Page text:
Bhan Dubey & Ors. , the Division Bench, observed that in an identical
fact situation it was held that writ application would be maintainable,
minor distinctions on facts, here and there, would not make the aforesaid
decision inapplicable to scheduled banks. With such observations the
appeal was dismissed providing that the learned single Judge shall decide
writ petition on merits. The Federal Bank Ltd. has preferred this appeal,
against the aforesaid judgment of the High Court.
Learned senior counsel appearing for the appellant, so as to
indicate the structure of the appellant, submits that the Federal Bank Ltd.
is a ‘company’ incorporated under the Indian Companies Act, 1913, now
replaced by the Companies Act, 1956. Its activities are regulated by the
provisions of the Banking Regulation Act, 1949. The entire shareholding
of the company is held by private individuals and entities. The finances
of the banks are raised by its own resources and efforts, and the profits of
the bank are utilized by the bank for its own purposes. It does not
perform any sovereign function nor does it exercise any authority over a
third person. The nature of the activity of the bank is that of a
commercial undertaking which receives deposits from the individuals and
advances loans and performs other ancillary monetary transactions. The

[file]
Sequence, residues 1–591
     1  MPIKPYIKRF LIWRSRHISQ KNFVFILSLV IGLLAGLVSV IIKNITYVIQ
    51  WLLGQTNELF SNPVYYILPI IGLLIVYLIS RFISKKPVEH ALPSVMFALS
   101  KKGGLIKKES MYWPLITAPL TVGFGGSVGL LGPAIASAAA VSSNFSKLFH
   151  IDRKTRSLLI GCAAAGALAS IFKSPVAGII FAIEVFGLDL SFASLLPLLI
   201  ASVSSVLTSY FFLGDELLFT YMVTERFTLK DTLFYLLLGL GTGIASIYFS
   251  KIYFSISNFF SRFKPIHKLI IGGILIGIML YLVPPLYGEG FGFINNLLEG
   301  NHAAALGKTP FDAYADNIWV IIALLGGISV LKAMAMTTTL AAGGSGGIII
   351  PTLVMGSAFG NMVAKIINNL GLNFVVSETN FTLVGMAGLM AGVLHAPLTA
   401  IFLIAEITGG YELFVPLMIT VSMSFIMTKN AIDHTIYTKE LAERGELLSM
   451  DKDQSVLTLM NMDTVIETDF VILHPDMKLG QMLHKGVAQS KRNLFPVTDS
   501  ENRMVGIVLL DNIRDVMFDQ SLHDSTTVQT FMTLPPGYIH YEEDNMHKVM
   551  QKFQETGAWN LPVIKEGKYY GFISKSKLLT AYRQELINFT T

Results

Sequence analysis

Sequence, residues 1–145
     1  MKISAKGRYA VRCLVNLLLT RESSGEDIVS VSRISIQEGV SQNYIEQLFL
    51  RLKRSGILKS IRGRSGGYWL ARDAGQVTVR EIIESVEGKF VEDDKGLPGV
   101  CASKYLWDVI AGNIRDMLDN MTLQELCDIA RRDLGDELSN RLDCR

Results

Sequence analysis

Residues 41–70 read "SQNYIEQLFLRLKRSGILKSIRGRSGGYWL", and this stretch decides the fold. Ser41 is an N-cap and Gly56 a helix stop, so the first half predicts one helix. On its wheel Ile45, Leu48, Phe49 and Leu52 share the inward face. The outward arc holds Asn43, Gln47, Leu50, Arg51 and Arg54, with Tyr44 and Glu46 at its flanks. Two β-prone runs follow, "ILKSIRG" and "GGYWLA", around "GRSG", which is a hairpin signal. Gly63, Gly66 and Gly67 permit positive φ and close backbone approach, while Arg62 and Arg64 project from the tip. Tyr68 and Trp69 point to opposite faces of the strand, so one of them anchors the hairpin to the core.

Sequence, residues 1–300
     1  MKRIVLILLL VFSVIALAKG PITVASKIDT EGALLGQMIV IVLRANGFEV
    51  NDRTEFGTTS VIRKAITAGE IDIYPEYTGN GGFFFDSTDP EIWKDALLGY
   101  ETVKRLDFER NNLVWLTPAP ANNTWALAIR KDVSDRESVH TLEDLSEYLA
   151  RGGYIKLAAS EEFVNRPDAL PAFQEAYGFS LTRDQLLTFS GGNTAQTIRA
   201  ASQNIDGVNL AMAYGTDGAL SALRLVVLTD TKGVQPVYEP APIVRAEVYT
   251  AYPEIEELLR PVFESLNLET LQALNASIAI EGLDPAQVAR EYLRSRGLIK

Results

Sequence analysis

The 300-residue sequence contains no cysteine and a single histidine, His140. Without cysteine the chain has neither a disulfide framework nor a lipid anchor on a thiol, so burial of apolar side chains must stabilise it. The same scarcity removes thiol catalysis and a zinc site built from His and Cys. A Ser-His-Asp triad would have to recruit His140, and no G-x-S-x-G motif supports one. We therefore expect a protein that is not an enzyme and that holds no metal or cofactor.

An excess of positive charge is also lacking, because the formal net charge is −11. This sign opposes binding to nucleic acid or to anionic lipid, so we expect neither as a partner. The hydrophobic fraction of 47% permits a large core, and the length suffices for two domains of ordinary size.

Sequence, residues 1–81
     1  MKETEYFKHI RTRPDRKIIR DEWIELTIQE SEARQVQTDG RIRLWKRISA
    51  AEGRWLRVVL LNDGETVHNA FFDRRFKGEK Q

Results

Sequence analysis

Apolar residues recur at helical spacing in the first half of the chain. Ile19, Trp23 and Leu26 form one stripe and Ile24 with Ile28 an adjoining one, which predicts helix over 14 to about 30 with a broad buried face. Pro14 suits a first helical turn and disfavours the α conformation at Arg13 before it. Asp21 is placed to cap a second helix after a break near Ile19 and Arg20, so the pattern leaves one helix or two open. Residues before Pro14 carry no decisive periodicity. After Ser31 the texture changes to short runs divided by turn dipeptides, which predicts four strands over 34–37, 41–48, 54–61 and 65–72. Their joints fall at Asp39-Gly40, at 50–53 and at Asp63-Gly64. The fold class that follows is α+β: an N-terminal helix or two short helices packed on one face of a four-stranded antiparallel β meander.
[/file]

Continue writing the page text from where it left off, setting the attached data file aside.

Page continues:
management of the bank is in the hands of the Board of Directors. There
are 10 Directors, out of which 7 are selected by the General Body of the
shareholders. Two members are co-opted by the Board of Directors and
one of them is nominated by the Reserve Bank of India. The Board of
Directors exercise the powers of superintendence and control over the
bank. The bank is, therefore, merely a private limited company; it is
neither a ‘State’ nor any ‘authority’ within the meaning of Article 12 of
the Constitution nor it is amenable to writ jurisdiction of the High Court.
It is also the case of the appellant bank that services of an employee or an
officer of a private body, cannot be imposed or thrust upon it nor a relief
of reinstatement can be granted. In this connection, the appellant has
referred to the reliefs prayed for in the writ petition, which are as follows:
“i) a writ of Certiorari or any other appropriate writ,
order or direction quashing Exhibit P3 Enquiry
Report and P6 and P7 orders of the disciplinary
authority and the Board of Directors as illegal and
unsustainable in law;

ii) a writ of Mandamus or any other appropriate writ,
order or direction commanding the respondents to
reinstate the petitioner with all wages and
increments in the salary applicable to him as if he
had continued in service from the date of his
suspension;

iii) any other appropriate writ, order or direction as
this Hon’ble Court may deem fit and necessary on
the facts and in the circumstances of the case and
allow this petition with all costs.”

In the light of the prayer made for issue of a writ of certiorari for
quashing of inquiry report and the order of punishment and further for
issue of a writ of mandamus or any other appropriate writ or direction for
reinstatement of the petitioner with all wages and increments etc. as if,